Swoop, there it is. WestJet is rolling out their own Ultra Low Cost Carrier to bring Canadians a cheaper way to fly.


Travelling isn’t cheap in Canada. It’s especially frustrating if you’ve ever traveled over seas and find out that it’s just as expensive, if not cheaper to fly to places like London, England vs London, Ontario.

Speaking of Europe, a number of discount airlines exist like Ryanair that make it so you can travel to a different country for the same price as a Tim Horton’s double double and a doughnut. These are considered Ultra Low Cost Carriers (ULCC’s for short) and a relatively new concept to North America, that haven’t had the greatest of successes yet in Canada.

 

Looking at you NewLeaf.

 

Well WestJet is throwing it’s hat into the ULCC ring with their own company.

 

Introducing: Swoop.

“The name Swoop denotes exactly what we plan to do,” said Bob Cummings WestJet Executive Vice-President, Strategy and the executive member responsible for the launch of Swoop. “It’s a powerful verb that demonstrates we plan to swoop in to the Canadian market with a new business model that will provide lower fares and greater opportunity for more Canadians to travel.”

“If you’ve travelled, you know the drill. You plan your trip, book your flights, question the fare and wish there were more affordable options. Airlines are bundlers, which is great for convenience, but not so great for low fares.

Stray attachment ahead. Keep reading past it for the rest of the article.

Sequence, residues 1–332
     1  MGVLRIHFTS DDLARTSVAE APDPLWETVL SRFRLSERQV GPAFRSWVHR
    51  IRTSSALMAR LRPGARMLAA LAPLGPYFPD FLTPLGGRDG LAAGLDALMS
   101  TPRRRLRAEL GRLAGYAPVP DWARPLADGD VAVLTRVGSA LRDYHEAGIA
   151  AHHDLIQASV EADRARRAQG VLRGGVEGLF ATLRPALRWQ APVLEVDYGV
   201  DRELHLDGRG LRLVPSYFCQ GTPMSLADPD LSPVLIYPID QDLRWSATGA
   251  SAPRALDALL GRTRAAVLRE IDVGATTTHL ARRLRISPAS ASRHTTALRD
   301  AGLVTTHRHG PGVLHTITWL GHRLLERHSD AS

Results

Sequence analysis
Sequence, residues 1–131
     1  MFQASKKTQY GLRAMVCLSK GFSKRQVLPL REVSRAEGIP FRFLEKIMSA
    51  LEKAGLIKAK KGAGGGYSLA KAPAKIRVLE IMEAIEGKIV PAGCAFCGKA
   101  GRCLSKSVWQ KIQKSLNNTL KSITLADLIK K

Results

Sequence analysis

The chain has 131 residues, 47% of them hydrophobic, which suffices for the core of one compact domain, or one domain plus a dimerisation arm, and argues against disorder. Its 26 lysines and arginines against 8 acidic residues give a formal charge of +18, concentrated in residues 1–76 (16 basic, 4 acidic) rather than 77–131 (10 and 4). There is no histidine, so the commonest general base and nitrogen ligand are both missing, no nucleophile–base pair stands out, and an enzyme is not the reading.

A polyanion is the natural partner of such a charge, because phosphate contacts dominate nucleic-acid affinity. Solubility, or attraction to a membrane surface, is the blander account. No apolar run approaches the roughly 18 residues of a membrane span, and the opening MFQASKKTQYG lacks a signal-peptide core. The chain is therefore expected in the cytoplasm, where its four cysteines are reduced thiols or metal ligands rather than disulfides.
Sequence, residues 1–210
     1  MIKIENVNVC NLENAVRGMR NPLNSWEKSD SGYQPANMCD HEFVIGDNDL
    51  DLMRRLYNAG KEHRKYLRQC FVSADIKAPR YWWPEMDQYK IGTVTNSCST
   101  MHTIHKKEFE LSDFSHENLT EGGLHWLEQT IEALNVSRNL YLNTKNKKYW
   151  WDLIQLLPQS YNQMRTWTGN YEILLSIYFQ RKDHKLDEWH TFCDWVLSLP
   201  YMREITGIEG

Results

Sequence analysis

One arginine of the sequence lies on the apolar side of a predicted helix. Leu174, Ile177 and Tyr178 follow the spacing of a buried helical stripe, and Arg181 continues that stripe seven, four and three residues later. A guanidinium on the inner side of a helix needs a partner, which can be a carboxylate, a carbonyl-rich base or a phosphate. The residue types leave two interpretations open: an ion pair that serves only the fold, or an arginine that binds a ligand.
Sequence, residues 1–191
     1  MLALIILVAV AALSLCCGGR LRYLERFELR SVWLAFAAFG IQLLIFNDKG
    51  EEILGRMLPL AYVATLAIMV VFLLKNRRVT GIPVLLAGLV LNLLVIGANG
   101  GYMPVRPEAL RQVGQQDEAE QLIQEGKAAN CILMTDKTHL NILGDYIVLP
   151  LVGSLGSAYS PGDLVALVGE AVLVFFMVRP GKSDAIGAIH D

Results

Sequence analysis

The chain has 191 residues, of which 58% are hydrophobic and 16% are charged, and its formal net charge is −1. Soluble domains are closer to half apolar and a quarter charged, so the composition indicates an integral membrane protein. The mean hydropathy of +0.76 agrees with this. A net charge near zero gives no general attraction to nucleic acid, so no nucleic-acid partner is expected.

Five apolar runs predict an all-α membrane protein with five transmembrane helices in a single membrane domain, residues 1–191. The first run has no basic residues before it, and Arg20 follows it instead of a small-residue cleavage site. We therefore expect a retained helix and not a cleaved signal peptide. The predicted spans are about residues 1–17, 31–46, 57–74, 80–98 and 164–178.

Well, you can consider Ultra Low Cost Carriers like Swoop unbundlers. “

While Swoop’s parent company hasn’t released any details regarding pricing or flight routes for it’s promised 2018 launch, WestJet says that Swoop will make ” air travel simple, affordable and accessible for every traveler.”

 

So how are they going to keep the prices down? By making it a pretty ‘minimal’ experience. Swoop’s website describes it as a sort of a la carte style service that puts you, the traveler, in the driver seat. When you go to book a flight, all that will be included in the base price is what it costs to put your butt in the seat. You can add a snack, checked baggage or in-flight entertainment at an additional cost – your choice.

 

The fare is lower while flying a safe, comfortable fleet. To make the ULCC model work, we’ve standardized plane sizes, seating configurations and flight patterns, and kept the bells and whistles at airports to a minimum. It’s not going to replace other airlines – just complement the options available.

From my experience with discount airlines in Europe, this means you are going to get the BARE minimum and those extras usually come at a decent price tag. But if you really are just trying to get yourself and maybe a small carry-on from point A to point B, you’ll save yourself some serious money. But don’t be shocked if your knees are to your nose, with no complimentary snacks or drink, and you have to entertain yourself sans Internet for however long your flight is.

 

CBC reported from today’s press conference with Bob Cummings, WestJet’s executive vice-president of strategy, that Swoop’s model will be similar to ultra-low cost carriers in the U.S. Stating that American ULCC’s prices are usually, on average, “about 50 per cent lower than the fares for the Canadian mainline carriers.” Going on to say “That’s pretty indicative of what we’ll be aiming for.”

 

As for speculation on possible cities that Swoop will operate out of, Swoop’s fleet will only start with six Boeing 737-800 airplanes and it plans to expand to 10 planes in the first year.

In the press conference Cummings was tight-lipped about exactly where the airline intends to fly, but travellers can expect most flights to originate in southern British Columbia and Ontario.

 

Tickets for Swoop go on sale in February 2018.


 

PS, they’re also hiring if you’re looking for an even cheaper way to travel. I’ve heard WestJet has some pretty sweet employee perks.

 

Filed under: Airplane, bailey parker, Flying, Swoop, travel, westjet